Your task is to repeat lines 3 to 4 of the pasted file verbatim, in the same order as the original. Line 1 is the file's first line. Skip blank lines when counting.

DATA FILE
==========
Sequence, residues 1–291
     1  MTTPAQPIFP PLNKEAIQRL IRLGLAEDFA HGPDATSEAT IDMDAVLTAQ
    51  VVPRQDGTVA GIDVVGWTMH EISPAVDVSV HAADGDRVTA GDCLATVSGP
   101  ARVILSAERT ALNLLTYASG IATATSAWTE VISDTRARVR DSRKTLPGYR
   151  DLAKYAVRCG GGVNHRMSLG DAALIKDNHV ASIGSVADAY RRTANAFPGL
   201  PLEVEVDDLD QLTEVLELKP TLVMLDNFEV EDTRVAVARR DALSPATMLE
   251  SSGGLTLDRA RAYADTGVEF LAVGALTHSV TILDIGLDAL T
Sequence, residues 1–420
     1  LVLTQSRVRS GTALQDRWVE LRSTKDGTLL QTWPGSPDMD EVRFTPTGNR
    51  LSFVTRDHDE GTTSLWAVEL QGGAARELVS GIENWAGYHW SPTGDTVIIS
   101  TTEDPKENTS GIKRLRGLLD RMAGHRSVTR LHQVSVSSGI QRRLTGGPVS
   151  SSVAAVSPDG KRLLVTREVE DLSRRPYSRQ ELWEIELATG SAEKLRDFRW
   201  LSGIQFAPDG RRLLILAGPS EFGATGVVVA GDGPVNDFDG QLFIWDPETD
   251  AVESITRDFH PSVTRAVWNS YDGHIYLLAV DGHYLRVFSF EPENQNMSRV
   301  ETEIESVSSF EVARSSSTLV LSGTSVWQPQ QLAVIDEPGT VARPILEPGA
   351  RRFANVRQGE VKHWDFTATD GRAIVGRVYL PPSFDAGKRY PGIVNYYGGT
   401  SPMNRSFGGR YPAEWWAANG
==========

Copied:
    51  VVPRQDGTVA GIDVVGWTMH EISPAVDVSV HAADGDRVTA GDCLATVSGP
   101  ARVILSAERT ALNLLTYASG IATATSAWTE VISDTRARVR DSRKTLPGYR